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In books like Bott-Tu or all pdf texts I have found on internet, the Kunneth formula for manifolds $M$ and $N$ and their de Rham cohomology $$ H^{\bullet}_{dR}(M \times N) \simeq H^{\bullet}_{dR}(M) \otimes H^{\bullet}_{dR}(N)$$ is proved under various finiteness hypothesis : one of the two manifolds is compact, or with finite dimensional de Rham spaces, or admitting a finite good cover.

On another side, for singular cohomology of topological spaces $X$ and $Y$ and a PID $A$ (let's say $Z$) there is the following more general Kunneth formula : $$H^n(X \times Y;A) \simeq (\sum_{i+j=n} H^i(X;A)\otimes H^j(Y;A))\oplus(\sum_{p+q=n+1} Tor(H^p(X;A),H^q(Y;A))$$

If $X$ and $Y$ are manifolds and we take $A \equiv \mathbb{R}$, the $H^p(X;\mathbb{R})$ ans $H^q(Y;\mathbb{R})$ are vector spaces, so the $Tor$ part is null, and using the de Rham theorem we end up with a Kunneth formula for de Rham without any finitenes hypothesis.

But Bott-Tu p 108 give an explicit counterexample to the Kunneth formula when both manifolds have infinite dimensional cohomology, and write "that some sort of finiteness hypothesis is necessary for Kunneth and Leray-Hirsch to hold".

So what is wrong with the Kunneth formula for de Rham "deduced" from kunneth for singular above ?

And what is the real scope of Kunneth formula for de Rham i.e. the minimal hypothesis for the formula to hold ?

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    $\begingroup$ I think the assumptions you mention are simply there to provide a simpler proof. If it's true for singular cohomology, then it's true for de Rham cohomology, by de Rham's theorem. I'm pretty sure the most general statement you can get for de Rham's cohomology is that you just want $H^k(Y)$ to be finite-dimensional for all $k$. CW is not even necessary (thanks to CW approximations), and "free" is automatic over a field (well, if you assume the axiom of choice I guess). $\endgroup$ – Najib Idrissi Apr 4 '18 at 15:25
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Let me convert my comment into an answer and add something:

I think the assumptions (good cover / compact) you mention are simply there to provide a simpler proof. If it's true for singular cohomology, then it's true for de Rham cohomology, by de Rham's theorem. I'm pretty sure the most general statement you can get for de Rham's cohomology is that you just want $H^k(Y)$ to be finite-dimensional for all $k$. CW is not even necessary (thanks to CW approximations), and "free" is automatic over a field (well, if you assume the axiom of choice I guess).

Note that this finiteness assumption is also necessary for general spaces, the Künneth formula you wrote is only valid when at least one of the two spaces have finite-type cohomology.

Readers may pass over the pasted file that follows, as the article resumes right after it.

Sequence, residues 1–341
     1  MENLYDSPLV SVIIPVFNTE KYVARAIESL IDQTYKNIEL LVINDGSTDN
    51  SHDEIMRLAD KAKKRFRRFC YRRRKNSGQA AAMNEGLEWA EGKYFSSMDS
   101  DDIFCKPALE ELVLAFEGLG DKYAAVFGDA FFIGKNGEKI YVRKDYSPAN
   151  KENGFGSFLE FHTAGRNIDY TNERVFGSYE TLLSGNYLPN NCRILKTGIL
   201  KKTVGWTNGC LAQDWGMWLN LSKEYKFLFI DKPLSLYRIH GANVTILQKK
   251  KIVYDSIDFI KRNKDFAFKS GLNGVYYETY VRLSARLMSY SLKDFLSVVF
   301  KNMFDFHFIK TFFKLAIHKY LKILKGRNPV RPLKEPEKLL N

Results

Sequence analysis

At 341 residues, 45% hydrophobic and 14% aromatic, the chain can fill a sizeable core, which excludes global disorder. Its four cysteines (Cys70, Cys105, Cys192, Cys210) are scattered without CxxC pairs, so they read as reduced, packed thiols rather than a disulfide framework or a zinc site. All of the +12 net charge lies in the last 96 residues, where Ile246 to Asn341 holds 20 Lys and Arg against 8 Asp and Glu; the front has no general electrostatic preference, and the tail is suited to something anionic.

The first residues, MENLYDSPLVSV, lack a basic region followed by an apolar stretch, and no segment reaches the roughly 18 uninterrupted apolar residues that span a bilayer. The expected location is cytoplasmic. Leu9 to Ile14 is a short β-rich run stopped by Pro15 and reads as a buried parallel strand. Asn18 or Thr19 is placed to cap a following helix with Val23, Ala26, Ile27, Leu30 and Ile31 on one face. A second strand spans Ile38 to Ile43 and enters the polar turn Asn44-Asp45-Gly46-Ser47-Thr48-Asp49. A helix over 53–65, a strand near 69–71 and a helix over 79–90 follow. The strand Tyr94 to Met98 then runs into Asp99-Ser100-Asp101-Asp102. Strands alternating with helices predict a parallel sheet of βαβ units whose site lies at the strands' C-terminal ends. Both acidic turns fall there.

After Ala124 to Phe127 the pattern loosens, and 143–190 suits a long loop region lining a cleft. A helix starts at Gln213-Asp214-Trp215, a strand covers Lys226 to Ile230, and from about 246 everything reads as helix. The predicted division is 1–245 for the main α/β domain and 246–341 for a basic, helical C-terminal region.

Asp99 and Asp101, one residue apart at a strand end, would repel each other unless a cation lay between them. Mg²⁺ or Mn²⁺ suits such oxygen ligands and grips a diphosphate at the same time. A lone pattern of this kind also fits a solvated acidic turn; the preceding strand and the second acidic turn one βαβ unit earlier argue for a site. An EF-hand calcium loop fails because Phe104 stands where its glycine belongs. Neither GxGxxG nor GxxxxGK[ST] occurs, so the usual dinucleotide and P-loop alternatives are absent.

There is a Künneth formula for homology, which has no assumptions about finiteness, but if you pass to cohomology without finiteness assumptions, you run into problem. The actual statement for cohomology is $H^n(X \times Y; F) \cong \bigoplus_{i+j=n} H^i(X; H^j(Y;F))$ for a field $F$. But if $H^j(Y;F)$ is not finitely generated, you don't necessarily have $H^i(X; H^j(Y;F)) \cong H^i(X;F) \otimes_F H^j(Y;F)$. So there is no contradiction here.

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  • $\begingroup$ My source for the Kunneth for singular is "topospaces.subwiki.org/wiki/Kunneth_formula_for_cohomology", which doesn't mention any finiteness hypothesis. or may be it is hidden in a way I haven't understood. Or maybe it's just wrong. $\endgroup$ – ychemama Apr 6 '18 at 14:43
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    $\begingroup$ @ychemama Yes, that formula is wrong without finiteness hypotheses. The counterexample in the book of Bott and Tu shows it. Probably the best way to go is to try and prove the formula from the (correct) formula for homology: you will quickly see what goes wrong. It's also in Hatcher's book, Chapter 3.B. As I said, the key issue is the difference between $H^i(X; H^j(Y))$ and $H^i(X) \otimes H^j(Y)$, which in turns come from the difference between $\hom(U, V \otimes W)$ and $\hom(U, V) \otimes W$ when you don't have finite dimensional vector spaces. $\endgroup$ – Najib Idrissi Apr 6 '18 at 14:48
  • $\begingroup$ The Künneth formula for homology holds without finiteness hypotheses. The problem with cohomology is that without finiteness hypothesis the tensor product does not interact well with dualization. $\endgroup$ – Denis Nardin Apr 6 '18 at 15:42
  • $\begingroup$ @Denis, usefull precision, thx. $\endgroup$ – ychemama Apr 7 '18 at 13:06
  • $\begingroup$ Is your formula correct even if $F$ is only assumed to be a PID? Years ago, I saw this problem on Bott & Tu, but now I still cannot decide whether it is correct. Generally if we have a ring spectrum $R$ and a right $R$-module $M$ and a left $R$-module $N$, we have a spectral sequence $\pi_*M\otimes_{\pi_*R}\pi_*N\implies\pi_*(M\otimes_RN)$, but I don't know when it splits. Also a version for mapping spectra, but I don't know how to make it precise. $\endgroup$ – Yai0Phah Nov 27 '18 at 13:32

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